CORONAVIRUS/Taiwan withdraws advisory limiting use of AZ vaccine jabs

05/21/2021 11:03 PM
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CNA file photo
CNA file photo

Taipei, May 21 (CNA) Taiwan's Central Epidemic Command Center (CECC) has withdrawn its recommendation that people taking oral contraceptives or undergoing hormone therapy not take the AstraZeneca COVID-19 vaccine, based on recent research findings.

When Taiwan began its rollout of the AstraZeneca COVID-19 vaccine on March 22, the CECC issued a warning of unconfirmed risks of an increased rate of blood clots associated with the vaccine.

Based on that warning, the vaccines were not recommended for people taking oral contraceptives or undergoing hormone therapy, until Friday.

CECC spokesman Chuang Jen-hsiang (莊人祥) told CNA that the CECC made the recommendation at that time after some people getting the AZ vaccine overseas reported getting blood clots.

More recently, however, there have been no studies overseas confirming that oral contraceptive use or hormone therapy is linked to the risk of blood clotting, Chuang said, and the CECC decided to withdraw the recommendation after discussions with its team of experts.

Huang Li-min (黃立民), who heads the National Taiwan University Children's Hospital and the Infectious Diseases Society of Taiwan, said that because blood clots are traditionally linked to hormones, it led the medical sector to caution those taking hormone medicines to avoid the AZ vaccine.

Since then, however, a growing number of countries found that the blood clots caused by the AZ vaccine were not traditional blood clots, but rather resulted from autoimmune problems, Huang said. "It's a different pathogenesis mechanism."

Hwang Kao-pin (黃高彬), deputy superintendent of Taichung-based China Medical University Hospital's infection control center, said blood clots are less common in Taiwanese because of genetic factors.

But he still recommended that people on oral contraceptives or hormone therapy get an AZ vaccine 28 days after stopping those treatments, he said.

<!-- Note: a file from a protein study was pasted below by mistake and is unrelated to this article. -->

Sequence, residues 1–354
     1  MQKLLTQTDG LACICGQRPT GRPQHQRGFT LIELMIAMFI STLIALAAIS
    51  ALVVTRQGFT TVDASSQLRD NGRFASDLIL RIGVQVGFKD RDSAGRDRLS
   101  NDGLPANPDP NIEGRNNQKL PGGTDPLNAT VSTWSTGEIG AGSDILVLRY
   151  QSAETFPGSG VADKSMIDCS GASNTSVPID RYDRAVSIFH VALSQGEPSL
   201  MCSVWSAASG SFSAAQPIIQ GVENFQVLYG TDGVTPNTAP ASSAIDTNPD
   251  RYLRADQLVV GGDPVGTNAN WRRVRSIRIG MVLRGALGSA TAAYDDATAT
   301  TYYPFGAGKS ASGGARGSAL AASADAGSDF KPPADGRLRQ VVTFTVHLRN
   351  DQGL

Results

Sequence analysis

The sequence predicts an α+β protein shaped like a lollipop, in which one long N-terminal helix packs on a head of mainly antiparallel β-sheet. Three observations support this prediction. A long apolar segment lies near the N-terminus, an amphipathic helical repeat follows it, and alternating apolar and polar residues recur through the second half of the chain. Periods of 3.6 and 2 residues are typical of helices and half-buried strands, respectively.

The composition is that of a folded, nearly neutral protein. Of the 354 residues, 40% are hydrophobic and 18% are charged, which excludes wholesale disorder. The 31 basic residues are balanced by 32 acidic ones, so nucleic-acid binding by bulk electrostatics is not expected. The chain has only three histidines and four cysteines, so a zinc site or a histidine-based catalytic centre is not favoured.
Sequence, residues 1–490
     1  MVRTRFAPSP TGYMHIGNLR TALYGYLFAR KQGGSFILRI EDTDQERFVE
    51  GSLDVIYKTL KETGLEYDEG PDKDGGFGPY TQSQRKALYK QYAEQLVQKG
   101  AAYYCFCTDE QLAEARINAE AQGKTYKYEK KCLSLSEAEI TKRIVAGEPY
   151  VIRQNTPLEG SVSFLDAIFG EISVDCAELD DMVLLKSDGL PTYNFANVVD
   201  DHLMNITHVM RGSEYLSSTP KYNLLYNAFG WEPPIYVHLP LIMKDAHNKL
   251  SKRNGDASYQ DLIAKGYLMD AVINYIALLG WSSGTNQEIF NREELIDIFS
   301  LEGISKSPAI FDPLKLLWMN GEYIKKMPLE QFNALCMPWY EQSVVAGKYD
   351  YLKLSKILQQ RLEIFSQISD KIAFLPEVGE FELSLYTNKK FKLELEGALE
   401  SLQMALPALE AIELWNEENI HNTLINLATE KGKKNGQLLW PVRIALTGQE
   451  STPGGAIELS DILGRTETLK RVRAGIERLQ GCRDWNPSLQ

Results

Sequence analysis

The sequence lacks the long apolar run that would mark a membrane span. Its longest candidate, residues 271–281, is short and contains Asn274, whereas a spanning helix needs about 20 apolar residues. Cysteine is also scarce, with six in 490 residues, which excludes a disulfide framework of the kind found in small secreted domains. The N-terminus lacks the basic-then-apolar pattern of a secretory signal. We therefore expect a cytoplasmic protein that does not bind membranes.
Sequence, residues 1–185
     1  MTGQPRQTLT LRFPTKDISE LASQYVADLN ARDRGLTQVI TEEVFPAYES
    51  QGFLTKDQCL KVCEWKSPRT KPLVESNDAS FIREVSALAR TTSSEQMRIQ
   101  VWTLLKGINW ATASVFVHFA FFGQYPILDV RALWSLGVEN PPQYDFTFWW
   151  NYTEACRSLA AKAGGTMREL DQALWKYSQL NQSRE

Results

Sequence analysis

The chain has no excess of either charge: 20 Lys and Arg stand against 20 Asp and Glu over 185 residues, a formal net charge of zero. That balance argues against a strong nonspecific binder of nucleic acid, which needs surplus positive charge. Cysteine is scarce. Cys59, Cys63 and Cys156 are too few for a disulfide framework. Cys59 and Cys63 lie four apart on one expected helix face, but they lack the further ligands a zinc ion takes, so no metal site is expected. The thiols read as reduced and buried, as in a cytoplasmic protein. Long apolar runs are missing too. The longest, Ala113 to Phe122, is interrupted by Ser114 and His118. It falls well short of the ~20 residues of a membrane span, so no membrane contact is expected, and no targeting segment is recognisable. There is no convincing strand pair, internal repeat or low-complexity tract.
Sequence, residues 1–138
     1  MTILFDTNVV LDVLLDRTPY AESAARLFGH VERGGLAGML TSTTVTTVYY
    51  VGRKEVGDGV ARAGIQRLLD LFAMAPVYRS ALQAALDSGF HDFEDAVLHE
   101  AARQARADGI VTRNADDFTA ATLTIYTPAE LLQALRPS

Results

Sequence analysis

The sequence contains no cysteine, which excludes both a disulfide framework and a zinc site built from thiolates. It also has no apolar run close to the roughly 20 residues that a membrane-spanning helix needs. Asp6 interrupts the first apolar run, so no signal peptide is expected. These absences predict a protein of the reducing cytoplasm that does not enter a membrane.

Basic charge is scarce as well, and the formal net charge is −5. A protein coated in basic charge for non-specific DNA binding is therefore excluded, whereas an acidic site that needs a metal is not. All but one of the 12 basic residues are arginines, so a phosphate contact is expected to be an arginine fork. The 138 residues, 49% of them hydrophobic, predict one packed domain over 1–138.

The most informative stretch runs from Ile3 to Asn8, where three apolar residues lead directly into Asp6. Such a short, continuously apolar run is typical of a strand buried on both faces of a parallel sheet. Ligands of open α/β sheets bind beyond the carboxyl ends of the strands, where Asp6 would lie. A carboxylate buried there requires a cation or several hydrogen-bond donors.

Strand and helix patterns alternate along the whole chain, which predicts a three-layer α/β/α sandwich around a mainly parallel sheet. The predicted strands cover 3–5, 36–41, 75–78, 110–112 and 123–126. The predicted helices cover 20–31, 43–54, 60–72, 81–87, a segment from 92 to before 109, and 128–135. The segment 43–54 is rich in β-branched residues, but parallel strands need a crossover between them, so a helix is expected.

Taiwan on Wednesday took delivery of its latest batch of the AZ vaccines, totaling 410,400 doses. Safety checks on the vaccines are expected to be completed on May 26 at the earliest, Food and Drug Administration chief Wu Shou-mei (吳秀梅) said Friday. Once they are certified, the vaccines can be distributed for use across the country, Wu said.

Also on Friday, Health Minister Chen Shih-chung (陳時中), who heads the CECC, said all people at high risk have an obligation to take the vaccine because it will not only protect themselves but also protect the health of people they come in contact with.

Chen's remarks came a day after Taipei Mayor Ko Wen-je (柯文哲) demanded that all medical personnel and hospital workers in the city get vaccinated.

"From hospital superintendents to janitors, even workers in charge of the laundry, they all must be vaccinated. Otherwise the hospital system's operations will be jeopardized," Ko said.

Taiwan had trouble getting people to accept being vaccinated for weeks after the first vaccines arrived but a recent surge in COVID-19 cases in the country has changed people's minds, sending demand up considerably.

Taiwan reported 315 new cases on Friday, which brought the total number of COVID-19 cases in the country to 3,139, of which 1,824 have been domestic infections confirmed in the last seven days, according to CECC data.

The CECC said 281,647 doses of the AZ vaccine had been administered as of Thursday out of the first two shipments totaling 316,200 doses of the vaccine.

So far no severe blood clots have been reported among people who have received a dose of the vaccine in Taiwan.

(By Chiang Hui-chun, Chang Ming-hsuan and Elizabeth Hsu)


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